Another way to evaluate the degree that men and boys are being ignored in social work education is to have a look at the index of social work textbooks. When you look for “men” in the index you will usually find nothing. When looking at the index of the 2014 edition of American Social Welfare Policy: A Pluralist Approach, written by two men, Howard Karger and David Stoesz you find no mention of men in the index. However, there is an extensive entry under “women.” The image below shows page 441’s index entry for women. Note there are 17 entries under the heading “women.” Enough said.


The Code says that Social Workers should seek education about social diversity based on sex but what we see is a focus only on women and girls. Social work schools are predominantly female institutions. It is a sad fact that this majority has created a system that focuses nearly exclusively on themselves and ignores the minority (men).

If this same dynamic were played out with race instead of sex the racism would be obvious and quickly condemned. If the roles were reversed for the sexes it would be equally obvious that there was a problem. And social workers would be deeply invested in correcting the problems.

What we are witnessing here on an institutional, day to day basis, is sexual discrimination in action. The interests and needs of women are put at the forefront while men are marginalized.

Can you see that this focus on women and a lack of interest in the lives of men creates a chilling effect on men? Shouldn’t social work attend to men and women equally? At this point it is clear that it does not. As a social worker are you willing to stand up against this discrimination? If you are an administrator at a school of Social Work are you willing to stand up for Social Work to be more inclusive?

The social work educational system is failing to teach about the issues that disproportionately affect men and boys. Male suicide, genital mutilation, men as DV victims and a range of other issues are simply treated as though they do not exist.

If it were just an omission of content it might be an easy fix but it goes a number of steps further and literally creates a hostile environment for male students.

The research of Hyde and Deal shows clearly that men in social work schools are reluctant to speak up in class for fear they might be judged as sexist or racist. Casual conversation with these male students will give you a sense of their fears of being judged for their opinions. Here’s a quote from Hyde and Deal:

Many (males) indicated that they were viewed as the “symbol of oppression” and lamented that they were not treated as individuals.

And this:

“It’s like some instructors hate white male students—like we’re the ones responsible for discrimination.” Or, as another student forcefully stated, “I am sick and tired of apologizing for having a penis!”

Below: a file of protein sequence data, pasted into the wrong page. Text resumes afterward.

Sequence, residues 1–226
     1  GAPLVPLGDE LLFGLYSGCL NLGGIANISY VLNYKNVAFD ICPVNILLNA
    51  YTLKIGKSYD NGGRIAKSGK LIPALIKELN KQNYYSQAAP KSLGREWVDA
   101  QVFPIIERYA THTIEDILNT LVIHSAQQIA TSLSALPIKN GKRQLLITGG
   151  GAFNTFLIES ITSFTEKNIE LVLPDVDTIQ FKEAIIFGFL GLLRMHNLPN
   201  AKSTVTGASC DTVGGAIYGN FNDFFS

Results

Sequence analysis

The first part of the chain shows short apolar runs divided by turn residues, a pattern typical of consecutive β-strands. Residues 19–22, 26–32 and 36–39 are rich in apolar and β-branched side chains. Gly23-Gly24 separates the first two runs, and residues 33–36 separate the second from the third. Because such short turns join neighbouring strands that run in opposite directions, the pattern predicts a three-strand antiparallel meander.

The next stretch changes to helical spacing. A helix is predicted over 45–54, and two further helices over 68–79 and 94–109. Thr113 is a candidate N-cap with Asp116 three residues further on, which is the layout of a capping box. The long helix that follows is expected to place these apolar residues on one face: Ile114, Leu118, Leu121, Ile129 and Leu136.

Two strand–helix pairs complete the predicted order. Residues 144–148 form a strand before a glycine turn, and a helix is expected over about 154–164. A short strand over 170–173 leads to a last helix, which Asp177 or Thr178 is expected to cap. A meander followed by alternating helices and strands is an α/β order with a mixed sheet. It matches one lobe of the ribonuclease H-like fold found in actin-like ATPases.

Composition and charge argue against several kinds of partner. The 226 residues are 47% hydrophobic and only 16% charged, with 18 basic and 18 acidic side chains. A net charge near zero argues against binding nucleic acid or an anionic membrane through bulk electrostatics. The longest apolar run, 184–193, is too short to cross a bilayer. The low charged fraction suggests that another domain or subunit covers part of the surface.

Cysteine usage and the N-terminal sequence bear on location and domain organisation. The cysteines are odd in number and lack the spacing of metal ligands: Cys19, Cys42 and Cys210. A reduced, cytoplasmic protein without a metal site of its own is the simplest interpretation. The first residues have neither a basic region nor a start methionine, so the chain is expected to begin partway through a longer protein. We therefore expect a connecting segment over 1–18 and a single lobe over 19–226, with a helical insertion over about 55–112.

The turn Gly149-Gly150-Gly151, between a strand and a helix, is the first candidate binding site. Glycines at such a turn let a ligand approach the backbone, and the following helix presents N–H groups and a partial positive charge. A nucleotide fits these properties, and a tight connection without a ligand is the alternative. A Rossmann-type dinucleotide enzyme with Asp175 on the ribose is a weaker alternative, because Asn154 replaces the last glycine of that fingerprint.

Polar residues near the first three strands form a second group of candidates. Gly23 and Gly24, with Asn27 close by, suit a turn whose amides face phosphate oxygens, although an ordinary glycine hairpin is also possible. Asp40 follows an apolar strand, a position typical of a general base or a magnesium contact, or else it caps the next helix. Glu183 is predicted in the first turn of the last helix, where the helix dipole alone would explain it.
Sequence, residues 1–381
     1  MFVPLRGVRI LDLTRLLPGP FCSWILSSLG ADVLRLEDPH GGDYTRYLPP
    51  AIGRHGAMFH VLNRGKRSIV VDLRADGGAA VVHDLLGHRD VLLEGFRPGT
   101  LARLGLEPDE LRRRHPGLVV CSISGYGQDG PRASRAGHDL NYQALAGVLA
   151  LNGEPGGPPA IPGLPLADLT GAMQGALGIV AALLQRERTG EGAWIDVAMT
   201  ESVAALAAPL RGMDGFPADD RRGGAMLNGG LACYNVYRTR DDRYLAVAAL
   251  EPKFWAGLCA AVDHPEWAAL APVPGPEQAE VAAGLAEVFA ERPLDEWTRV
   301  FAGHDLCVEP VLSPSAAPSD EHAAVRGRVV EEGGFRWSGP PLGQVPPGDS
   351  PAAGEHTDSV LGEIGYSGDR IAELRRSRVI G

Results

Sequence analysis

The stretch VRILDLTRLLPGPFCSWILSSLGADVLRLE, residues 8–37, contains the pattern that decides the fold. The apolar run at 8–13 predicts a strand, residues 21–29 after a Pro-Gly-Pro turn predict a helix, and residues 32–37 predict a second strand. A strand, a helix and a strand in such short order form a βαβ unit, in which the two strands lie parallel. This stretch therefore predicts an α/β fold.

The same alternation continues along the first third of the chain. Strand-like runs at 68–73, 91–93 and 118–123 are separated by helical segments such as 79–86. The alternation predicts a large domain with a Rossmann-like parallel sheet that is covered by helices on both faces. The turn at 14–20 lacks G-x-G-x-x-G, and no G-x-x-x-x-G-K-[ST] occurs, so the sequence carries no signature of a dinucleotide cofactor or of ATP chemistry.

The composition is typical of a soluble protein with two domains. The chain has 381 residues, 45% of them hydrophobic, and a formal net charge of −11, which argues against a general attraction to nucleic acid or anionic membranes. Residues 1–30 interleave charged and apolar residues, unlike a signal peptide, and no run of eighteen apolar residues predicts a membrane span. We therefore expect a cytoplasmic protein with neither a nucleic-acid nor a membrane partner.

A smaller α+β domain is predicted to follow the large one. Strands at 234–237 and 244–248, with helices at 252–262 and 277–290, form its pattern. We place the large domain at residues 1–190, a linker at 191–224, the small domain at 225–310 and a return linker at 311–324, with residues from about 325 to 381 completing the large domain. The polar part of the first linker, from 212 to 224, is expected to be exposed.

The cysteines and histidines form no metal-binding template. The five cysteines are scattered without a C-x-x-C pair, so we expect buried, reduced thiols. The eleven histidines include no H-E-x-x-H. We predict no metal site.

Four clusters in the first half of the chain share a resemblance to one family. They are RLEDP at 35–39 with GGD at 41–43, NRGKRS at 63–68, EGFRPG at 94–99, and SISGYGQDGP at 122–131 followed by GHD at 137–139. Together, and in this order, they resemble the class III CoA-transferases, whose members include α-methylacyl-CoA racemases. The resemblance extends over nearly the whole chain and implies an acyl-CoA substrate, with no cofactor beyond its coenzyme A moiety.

The male students in the study and likely many more male social work students see their school as promoting an anti-male agenda where males, especially white heterosexual males are blamed for the ills of the world. Is it any wonder that men don’t flock to social work schools?

If it is true that white males get a more negative and disparaging treatment than others it is clear that they are being prejudged based on their sex and race. This, of course, goes against every basic concept in Social Work and leaves us with the inescapable conclusion that Social Work schools that maintain this practice are both racist and sexist.

Being negatively pre-judged by sex and race must create a hostile environment for these males. Here is an quote about the all female focus groups and their harsh judgment of the men:

However, only in the all-female groups were the following caveats added: “It’s about time they experienced being silent” or “They might feel censored, but they still dominate the conversation.” When these views were shared with the mixed-gender and all-male groups (who did not generate these ideas), the female members smiled and said nothing; the male members indicated that such statements “proved” that there was hostility against them.

This seems to simply add to the hostile environment. A good case could be made for institutional bullying. It seems that there are many roadblocks that male social work students face.

All over the news in December of 2009 was a story about 50 women’s organizations who had written a letter requesting President Obama create a White House Council for Women and Girls. Note that it was “Women’s organizations.” Who was the fifth on the list of women’s organizations to sign this letter? The NASW.

Then farther down the signees you find the Council of Social Work Education.


A government council on women and girls is a noble but incomplete idea. The solution, though, is pretty obvious. A council for men and boys. That council was an effort in which I took a personal interest.

Several years later a group of 35 top scholars, researchers, authors, and clinicians came together to create a similar proposal for a White House Council on Boys and Men. NASW was contacted to possibly support this effort. CEO Angelo McClain wrote back in response to our initial request saying he would check into things. We never heard from him again. I sent several reminders over a period of many months but he simply never responded. Nothing.

What message is NASW sending to men and boys? NASW bends over backwards to portray themselves as a women’s organization in working to help women and girls and willfully disappears when it comes to the needs of boys and men. (If you don’t think we need a White house Council for Men and Boys just have a look at the proposal.)